Urea, which is under government's control, is being sold at a highly subsidised rate of Rs 5,360 per tonne. The difference between the maximum retail price (MRP) and the cost of production is reimbursed to manufacturers as subsidy by the central government.

"Without increasing urea prices, there will be far reaching reforms in the sector," a highly placed source informed when asked about whether there is plan to decontrol urea.
Recently, Fertiliser Minister Ananth Kumar had told reporters that urea policy is being reformed to make India self-sufficient in the next five years.
In urea policy reform, sources said, the ministry is considering measures for boosting urea production by making plants more energy efficient, pooling of gas supplied to the urea facilities and direct transfer of subsidy to farmers.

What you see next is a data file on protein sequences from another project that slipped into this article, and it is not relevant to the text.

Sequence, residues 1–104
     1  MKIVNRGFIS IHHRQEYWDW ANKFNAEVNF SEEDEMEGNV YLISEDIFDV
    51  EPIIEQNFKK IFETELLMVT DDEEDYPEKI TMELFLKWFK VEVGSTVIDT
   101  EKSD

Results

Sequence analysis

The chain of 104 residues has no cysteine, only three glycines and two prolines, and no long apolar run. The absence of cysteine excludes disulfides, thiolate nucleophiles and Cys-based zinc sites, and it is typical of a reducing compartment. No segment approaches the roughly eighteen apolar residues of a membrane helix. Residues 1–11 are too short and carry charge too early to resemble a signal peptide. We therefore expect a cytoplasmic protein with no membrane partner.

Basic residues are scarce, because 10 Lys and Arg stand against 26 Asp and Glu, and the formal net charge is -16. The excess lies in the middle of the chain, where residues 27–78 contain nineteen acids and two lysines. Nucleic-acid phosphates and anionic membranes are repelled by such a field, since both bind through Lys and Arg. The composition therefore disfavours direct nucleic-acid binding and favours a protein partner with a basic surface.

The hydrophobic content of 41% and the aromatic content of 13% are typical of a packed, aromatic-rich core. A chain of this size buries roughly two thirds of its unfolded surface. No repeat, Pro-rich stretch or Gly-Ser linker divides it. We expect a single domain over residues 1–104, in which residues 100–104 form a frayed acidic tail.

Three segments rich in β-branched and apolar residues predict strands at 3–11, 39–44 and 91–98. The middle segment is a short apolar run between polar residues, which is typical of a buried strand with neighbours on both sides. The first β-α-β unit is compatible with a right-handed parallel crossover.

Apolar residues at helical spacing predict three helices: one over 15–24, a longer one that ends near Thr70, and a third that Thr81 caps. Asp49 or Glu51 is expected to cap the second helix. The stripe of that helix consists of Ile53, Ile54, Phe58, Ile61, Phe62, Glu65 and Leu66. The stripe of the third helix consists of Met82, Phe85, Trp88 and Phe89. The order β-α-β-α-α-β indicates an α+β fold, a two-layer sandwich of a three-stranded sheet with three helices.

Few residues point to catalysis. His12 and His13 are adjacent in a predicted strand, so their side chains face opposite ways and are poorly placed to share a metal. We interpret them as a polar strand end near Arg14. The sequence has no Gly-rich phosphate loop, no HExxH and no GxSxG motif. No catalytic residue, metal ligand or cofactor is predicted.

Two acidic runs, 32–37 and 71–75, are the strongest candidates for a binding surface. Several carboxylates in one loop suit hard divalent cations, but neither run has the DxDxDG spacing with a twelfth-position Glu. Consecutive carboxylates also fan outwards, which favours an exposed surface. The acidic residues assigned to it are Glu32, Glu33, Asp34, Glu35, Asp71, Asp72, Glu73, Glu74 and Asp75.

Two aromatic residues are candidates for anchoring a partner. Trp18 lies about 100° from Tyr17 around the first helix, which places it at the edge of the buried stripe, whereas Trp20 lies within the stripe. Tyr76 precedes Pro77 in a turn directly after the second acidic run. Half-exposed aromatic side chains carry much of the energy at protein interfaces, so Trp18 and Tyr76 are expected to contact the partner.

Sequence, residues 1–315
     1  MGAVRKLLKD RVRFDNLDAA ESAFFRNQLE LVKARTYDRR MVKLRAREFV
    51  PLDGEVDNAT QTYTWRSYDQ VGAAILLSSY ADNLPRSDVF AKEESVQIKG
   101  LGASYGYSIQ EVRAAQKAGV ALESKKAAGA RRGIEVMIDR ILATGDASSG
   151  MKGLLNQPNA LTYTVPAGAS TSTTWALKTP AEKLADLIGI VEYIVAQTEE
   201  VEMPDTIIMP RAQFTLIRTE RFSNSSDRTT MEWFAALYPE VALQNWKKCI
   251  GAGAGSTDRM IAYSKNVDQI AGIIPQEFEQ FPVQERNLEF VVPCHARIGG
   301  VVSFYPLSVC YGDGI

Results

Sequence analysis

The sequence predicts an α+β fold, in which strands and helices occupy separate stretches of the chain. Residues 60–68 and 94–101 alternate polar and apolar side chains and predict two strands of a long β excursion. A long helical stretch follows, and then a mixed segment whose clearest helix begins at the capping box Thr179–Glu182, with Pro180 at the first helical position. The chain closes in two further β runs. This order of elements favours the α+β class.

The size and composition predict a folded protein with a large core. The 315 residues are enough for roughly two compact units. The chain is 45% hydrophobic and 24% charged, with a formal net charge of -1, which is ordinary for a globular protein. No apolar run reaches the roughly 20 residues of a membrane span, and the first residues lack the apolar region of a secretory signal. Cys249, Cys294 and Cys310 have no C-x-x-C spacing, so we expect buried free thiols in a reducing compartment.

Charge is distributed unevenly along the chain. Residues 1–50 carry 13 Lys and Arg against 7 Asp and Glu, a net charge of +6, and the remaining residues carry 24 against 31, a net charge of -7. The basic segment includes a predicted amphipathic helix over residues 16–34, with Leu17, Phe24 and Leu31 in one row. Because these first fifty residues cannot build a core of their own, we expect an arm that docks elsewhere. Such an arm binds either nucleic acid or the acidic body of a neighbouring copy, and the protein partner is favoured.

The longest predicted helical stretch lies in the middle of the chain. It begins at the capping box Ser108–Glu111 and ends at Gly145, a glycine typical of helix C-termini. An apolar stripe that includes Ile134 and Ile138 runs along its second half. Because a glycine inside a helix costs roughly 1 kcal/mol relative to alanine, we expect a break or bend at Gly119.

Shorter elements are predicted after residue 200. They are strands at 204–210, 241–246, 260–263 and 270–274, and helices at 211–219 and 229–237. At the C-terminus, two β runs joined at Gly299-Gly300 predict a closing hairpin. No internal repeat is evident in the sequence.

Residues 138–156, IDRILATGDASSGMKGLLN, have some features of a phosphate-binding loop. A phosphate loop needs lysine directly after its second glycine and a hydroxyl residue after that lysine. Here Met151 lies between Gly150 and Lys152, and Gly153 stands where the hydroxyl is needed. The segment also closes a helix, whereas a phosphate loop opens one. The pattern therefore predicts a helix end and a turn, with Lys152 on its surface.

"In direct transfer of fertiliser subsidy, there are some challenges. For example, in many cases land owners are not the actual cultivators," a government official said.
The Centre is unlikely to free urea imports, which is  currently done by only three canalising agencies, STC, MMTC and Indian Potash Ltd, the official added. The Centre has started taking steps to boost domestic production of urea.
Joint venture agreements have been signed to revive two closed fertiliser units of FCIL at Talcher (Orissa) and Ramagundam (Telangana) with an investment of about Rs 14,000 crore.

The Centre has also made some changes in the urea investment policy, under which it will permit setting up of new plants.
At present, the country imports about 8 million tonnes of urea to meet the annual domestic demand of 30 million tonnes. India produces about 22 million tonnes of urea annually.
For fertiliser subsidy of about Rs 73,000 crore budgeted for 2014-15, about Rs 48,000 crore is on account of urea only.

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